Ready to Be 30

Dirty Thirty

Everyone looks to turning thirty as this big,

horrible thing. Once you turn thirty, you are old as

hell and dusty. Your life is halfway over

(depending on your ethnic background). You are

not “young and popping” anymore because you’ve

reached that godforsaken age. Of course, that's

according to society and an immature mindset.

Low and behold, you are a single woman with no

kids or a man whose business has not yet hit the

roof. That’s most people’s perception of life. No

one is ready to hit that “Dirty Thirty.” It all falls

back to your state of mind.

In reality, thirty is the golden age when you put life

into perspective. Now, I know you’re reading this

and you’re like, “Girl, you’re tripped out! Thirty is

old as hell! I’m in my twenties, I’m popping, I’m

young, and life is hella lit! PERIODT!” Touche’. I

won’t and can’t say that your life isn’t the way you

say it is. But, you’re wrong. You’re hella wrong.

Yes, hella wrong. Now, don’t get defensive with the

truth. The truth is what we will encounter and

accept along this journey. You will learn to accept

the truth for what it is--nothing more and

definitely nothing less.

The Question

I know you’re wanting to know how right now.

How am I wrong about my perception of my life.

Why should I be “Ready to Be Thirty?” Out of every

age… thirty. Don’t trip. I’m going to tell you. First,

we must dig into the root cause of why you even

have that horrific perception of the age thirty in

the first place. All our lives people have asked us

the grand question, “Where do you see yourself in

five to ten years?” They asked that question all

throughout grade school by our teachers. I know

you remember your answers, too! If you’re a

woman, you said, “I see myself married with kids,

living in my dream home, driving a nice car, and

working at my dream job.” If you are a man, your

answer was: “I see myself rich, living in a mansion

with three cars and a baddie on my side.” Typical

responses for the sexes. Thing is, however, you

grew up. You’ve aged, you’ve experienced life, and

now you see that your life isn’t the picture you

painted for yourself. You answered that question

and you were one-hundred percent sure that you

would stand by it and live that life! That was the

only life you set out to live, right? You would be

that classmate that went on with their life and

made that response become your reality. There

was a lot of seriousness in the question. You had

to know what you wanted out of life before you

graduated high school! If you didn’t, you were a

waste, lazy, and didn’t care about life. Period.

Twenty-Something

Fast forward and you’re now in your mid-twenties.

You are reflecting on that question, realizing that,

right now, you are living in that five to ten years.

It’s sinking in that you are not married and you

don’t have any kids. You’re not rich. You barely

have a vehicle. You’re living with your parents or in

an overpriced apartment working hard to make

ends meet. Your life is not living up to the

response you gave when you were younger. You

are not where you want to be: nowhere even close

to it. You avoid your high school classmates and

teachers. Who wants to give the rundown of

where you're at in life when it’s not what you set

out for because we all shared our answers in class

and everyone knows what you said in response to

the infamous question, “Where do you see

yourself in five to ten years?” You tune in on social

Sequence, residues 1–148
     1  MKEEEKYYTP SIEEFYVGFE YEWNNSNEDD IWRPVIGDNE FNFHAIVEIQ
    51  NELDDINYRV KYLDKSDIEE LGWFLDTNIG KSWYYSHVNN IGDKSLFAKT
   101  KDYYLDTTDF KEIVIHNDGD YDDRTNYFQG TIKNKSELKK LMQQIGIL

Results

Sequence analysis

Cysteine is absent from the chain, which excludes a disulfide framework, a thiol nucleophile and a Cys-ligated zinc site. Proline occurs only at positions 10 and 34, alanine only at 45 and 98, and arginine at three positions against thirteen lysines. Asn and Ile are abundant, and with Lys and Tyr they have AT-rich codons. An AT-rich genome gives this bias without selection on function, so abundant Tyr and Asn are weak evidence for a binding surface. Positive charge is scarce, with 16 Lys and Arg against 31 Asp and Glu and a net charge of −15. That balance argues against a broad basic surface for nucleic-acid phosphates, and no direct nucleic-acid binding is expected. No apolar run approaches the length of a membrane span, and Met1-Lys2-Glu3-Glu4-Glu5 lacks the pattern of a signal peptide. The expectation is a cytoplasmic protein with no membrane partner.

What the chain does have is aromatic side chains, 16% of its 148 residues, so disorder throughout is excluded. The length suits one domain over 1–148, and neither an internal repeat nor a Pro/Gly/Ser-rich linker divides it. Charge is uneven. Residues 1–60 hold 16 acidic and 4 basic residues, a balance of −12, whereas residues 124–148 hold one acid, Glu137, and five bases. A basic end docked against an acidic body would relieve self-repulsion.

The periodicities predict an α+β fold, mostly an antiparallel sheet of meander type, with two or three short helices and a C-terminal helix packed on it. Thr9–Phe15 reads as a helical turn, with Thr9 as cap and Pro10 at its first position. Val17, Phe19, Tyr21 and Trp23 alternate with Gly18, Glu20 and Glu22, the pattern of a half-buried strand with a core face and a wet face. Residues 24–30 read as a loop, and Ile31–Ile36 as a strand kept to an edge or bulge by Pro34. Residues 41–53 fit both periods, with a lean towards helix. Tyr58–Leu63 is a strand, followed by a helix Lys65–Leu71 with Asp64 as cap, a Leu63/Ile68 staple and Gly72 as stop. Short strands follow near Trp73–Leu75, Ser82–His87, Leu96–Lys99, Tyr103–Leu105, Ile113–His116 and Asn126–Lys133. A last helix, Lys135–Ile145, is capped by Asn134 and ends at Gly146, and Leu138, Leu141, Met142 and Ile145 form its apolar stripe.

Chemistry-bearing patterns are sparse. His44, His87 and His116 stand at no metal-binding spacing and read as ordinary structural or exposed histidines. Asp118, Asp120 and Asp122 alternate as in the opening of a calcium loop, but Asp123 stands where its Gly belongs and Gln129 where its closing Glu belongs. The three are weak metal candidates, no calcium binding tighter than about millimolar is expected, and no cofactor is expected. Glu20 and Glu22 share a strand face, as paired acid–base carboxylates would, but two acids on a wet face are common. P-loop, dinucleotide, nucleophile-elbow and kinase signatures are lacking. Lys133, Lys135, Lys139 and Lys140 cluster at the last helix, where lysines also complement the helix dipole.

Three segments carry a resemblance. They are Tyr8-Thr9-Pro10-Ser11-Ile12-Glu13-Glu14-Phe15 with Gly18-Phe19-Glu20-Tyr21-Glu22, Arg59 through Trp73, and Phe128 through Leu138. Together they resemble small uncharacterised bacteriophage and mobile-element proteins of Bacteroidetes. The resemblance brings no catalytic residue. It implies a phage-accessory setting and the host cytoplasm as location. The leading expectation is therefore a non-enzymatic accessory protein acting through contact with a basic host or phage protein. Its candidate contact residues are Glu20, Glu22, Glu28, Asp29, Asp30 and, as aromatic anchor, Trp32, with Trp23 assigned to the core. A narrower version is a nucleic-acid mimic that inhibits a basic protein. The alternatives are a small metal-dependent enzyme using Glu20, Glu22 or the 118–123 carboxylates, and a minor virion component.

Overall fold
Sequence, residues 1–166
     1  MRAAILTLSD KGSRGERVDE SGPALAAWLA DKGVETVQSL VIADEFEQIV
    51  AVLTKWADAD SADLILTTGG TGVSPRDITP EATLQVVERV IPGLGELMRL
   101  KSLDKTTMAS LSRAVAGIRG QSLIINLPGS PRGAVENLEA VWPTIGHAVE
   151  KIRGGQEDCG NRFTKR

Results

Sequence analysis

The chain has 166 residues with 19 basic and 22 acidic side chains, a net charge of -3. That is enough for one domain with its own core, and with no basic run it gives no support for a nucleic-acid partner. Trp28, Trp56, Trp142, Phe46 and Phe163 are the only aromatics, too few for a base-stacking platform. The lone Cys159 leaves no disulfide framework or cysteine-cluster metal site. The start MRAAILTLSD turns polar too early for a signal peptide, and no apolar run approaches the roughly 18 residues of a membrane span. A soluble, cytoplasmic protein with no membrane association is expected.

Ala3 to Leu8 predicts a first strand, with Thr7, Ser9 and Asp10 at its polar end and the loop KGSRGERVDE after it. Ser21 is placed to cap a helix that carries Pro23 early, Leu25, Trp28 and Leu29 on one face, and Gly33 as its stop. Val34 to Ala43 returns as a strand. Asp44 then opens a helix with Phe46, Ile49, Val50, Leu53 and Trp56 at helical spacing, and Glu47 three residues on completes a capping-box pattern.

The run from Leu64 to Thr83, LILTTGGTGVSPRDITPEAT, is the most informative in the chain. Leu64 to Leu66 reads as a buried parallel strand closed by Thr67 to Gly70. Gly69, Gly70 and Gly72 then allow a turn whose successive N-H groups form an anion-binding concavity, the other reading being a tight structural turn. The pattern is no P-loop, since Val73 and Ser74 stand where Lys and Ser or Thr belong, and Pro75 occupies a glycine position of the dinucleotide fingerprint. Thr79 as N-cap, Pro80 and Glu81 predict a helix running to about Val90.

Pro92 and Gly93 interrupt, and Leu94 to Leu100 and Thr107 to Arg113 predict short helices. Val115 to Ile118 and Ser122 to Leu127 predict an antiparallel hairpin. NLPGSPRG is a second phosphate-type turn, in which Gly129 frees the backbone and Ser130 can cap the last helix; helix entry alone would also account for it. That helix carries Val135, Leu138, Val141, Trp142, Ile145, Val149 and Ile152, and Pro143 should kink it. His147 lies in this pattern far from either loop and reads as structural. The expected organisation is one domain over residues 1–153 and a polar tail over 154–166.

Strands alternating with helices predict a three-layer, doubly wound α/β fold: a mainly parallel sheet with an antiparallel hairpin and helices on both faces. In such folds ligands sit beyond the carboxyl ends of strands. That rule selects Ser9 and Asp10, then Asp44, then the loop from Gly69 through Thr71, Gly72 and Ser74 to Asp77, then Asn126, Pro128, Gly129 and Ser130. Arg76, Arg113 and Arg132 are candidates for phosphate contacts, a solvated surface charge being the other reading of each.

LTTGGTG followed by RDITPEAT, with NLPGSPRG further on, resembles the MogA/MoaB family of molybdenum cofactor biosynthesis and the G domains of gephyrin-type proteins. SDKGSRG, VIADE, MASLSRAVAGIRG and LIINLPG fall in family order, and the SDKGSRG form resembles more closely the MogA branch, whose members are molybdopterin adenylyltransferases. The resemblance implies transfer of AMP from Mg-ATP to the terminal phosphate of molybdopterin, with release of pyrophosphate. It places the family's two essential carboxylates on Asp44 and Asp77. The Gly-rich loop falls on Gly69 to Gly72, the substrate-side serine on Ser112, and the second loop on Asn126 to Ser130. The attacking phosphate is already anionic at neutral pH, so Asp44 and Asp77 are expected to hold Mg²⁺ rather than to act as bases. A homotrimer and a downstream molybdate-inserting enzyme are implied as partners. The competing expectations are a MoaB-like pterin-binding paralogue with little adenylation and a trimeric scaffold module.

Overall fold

media, seeing everyone living their best life thus

far. Trip after trip, post after post, car after car,

engagement after engagement: it’s all draining

and depressing for you because you’re in your

mid-twenties and you’re not there yet. You’re not

anywhere you said you would be. So, you beat

yourself up about it. You’re angry and frustrated

with life itself. You wonder, will you ever even get

there? You allow your thoughts to get the best of

you in the worst way, dwelling on where you could

or should be in life. Where’s my husband or wife?

Where is my nice vehicle? Where are my six

figures? However, you’re forgetting a major factor:

that you’re only twenty-something.

The Pressure

You are in the period of life where you’re figuring

it all out. You are learning who you are as a

person. You’re learning what you like and don’t 

Antionette Turner like, what you want out of life itself, how you’re

going to get there. You are in the trial-and-error

stage of life--the most frustrating and annoying

time of your life. You try and you fail. You attempt

again, but in a new way. You don’t like the

outcome, but it was better than the last time.

When will you get it just right? How long do you

have to keep giving your all just to get the

outcome you didn’t expect? Those twenties can

make you or break you. There is so much pressure

put on you by family members, friends, mentors,

and even yourself. The pressure is real and you

feel like you’re sinking deeper and deeper into a

place of no return. I can remember a time in my

early twenties where I was in a deep depressed

state. No one knew where I was mentally because,

outside of my room, I put on a massive façade. I

was down and out because I didn’t have it all

figured out. In my mind, I was in my twenties! I

should have my career by now, be engaged or

even married, living in a nice home with at least a

puppy if not a child. Instead, I was living in a

dormitory, single, struggling to pass my classes,

broke, and having to fake like everything was okay.

One day, I realized that I was only twenty-something! I’m still figuring it all out and that’s

okay. There’s nothing wrong with not having it all

together. I still have time. This is my time to make

my mistakes and learn from them. Now is my time

to learn about me! It is seriously okay that I’m not

where my mind feels I need to be.

Just…keep…going. Be patient!